Lil’ Jimmy Reed with Ben Levin Back to Baton Rouge
Lil’ Jimmy Reed with Ben Levin
Back to Baton Rouge
Pianist Ben Levin cut his fifth album last year while still attending his hometown University of Cincinnati. Guests on Take Your Time included Chicago blues luminaries Lil’ Ed Williams, Bob Stroger, and Rockin’ Johnny Burgin. Lil’ Jimmy Reed, one of the elder statesmen of Louisiana blues, was also in the house taking the lead in voice and on guitar on three of the album’s rollicking highlights. Reed, at a spry 85, hit it off famously with Levin, despite the 62-year gulf between them. By appearances, Levin possesses the kind of affable personality that translates to a natural touch with blues piano playing. Thus, Back to Baton Rouge, which will reportedly be Reed’s last album, swings with ease through five new songs and five neat covers, the latter batch including three by Reed’s namesake, the legendary Jimmy Reed. Ever since he first took the stage professionally as an eleven-year-old, Levin has turned heads. His enlightened style combines elements of Professor Longhair, Pinetop Perkins, Otis Spann, and Ray Charles. Engaging, to say the least.
Born in a shotgun shack, Reed too began performing for a living while in his teens. One night early on, filling in for Jimmy Reed at a chitlin circuit club, he was dubbed Lil’ for his innate skills and likable style. Reed recounts the 1958 episode here during “They Call Me Lil’ Jimmy,” underscoring the memory with still-piercing guitar amid a lowdown bumpy roll of a groove. The band, including Levin’s dad Aron Levin assisting Reed on guitar, and bassist Walter Cash, Jr. and drummers Ricky Nye or Miss Shorty Starr providing the locomotion, throws a perfect, understated spotlight on Reed. They set that tone with the classic Jimmy Reed romp, “Down in Virginia.” Levin plays delightfully through it, also deferring to Reed but still sparkling. On “Wish You Wouldn’t,” co-written with Reed, his notes tumble out sounding like a fistful of diamonds thrown.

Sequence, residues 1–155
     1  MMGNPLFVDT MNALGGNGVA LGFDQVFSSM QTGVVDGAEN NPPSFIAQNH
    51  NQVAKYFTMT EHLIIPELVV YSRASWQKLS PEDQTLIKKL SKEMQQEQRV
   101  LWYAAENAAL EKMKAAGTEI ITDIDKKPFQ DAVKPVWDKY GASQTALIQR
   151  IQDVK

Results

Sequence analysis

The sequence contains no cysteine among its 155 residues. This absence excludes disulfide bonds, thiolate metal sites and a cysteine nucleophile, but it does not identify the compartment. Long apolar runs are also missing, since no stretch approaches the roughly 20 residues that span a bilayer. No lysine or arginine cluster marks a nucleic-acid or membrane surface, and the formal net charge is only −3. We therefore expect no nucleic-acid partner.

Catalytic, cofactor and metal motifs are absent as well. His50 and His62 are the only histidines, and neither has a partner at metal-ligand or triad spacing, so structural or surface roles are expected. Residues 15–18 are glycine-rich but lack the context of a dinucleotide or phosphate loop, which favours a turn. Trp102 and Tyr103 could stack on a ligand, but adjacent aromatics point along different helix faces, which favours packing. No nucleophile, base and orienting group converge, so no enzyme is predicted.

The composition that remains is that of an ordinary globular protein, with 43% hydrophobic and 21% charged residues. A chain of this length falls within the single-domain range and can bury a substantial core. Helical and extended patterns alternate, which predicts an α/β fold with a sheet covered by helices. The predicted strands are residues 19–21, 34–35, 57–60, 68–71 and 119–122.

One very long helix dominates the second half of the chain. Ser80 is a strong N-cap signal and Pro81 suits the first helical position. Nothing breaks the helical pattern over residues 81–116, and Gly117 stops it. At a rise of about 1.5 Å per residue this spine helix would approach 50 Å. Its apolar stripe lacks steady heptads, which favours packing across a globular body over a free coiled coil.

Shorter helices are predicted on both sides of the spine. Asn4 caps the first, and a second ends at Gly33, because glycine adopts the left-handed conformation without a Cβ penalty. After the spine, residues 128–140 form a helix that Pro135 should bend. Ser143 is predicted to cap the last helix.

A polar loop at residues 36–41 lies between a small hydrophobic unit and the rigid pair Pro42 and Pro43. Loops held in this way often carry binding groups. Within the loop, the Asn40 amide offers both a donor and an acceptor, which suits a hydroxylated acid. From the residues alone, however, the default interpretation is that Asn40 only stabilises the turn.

Reed also still blows strong, melodic harmonica, especially sweet in tone during Jimmy Reed’s “I’m the Man Down There,” thought to be Reed’s answer to Elmore James’ “One Way Out.” The sauntering beat of it here is certainly less frenetic than James’ “One Way Out,” but nonetheless real, hard, excellent blues music. That and the minor key Levin/Reed co-write “Engine Light” ring out as basic examples of the basis of the blues and its captivating reach, rendered with authentic talent. Reed has not only been a committed and striking bluesman for as long as he has but took a sabbatical from it to serve his country for ten years. So ultimately, Back to Baton Rouge celebrates—with excellence—a life well-lived, and music that will live on.
Tom Clarke for MAS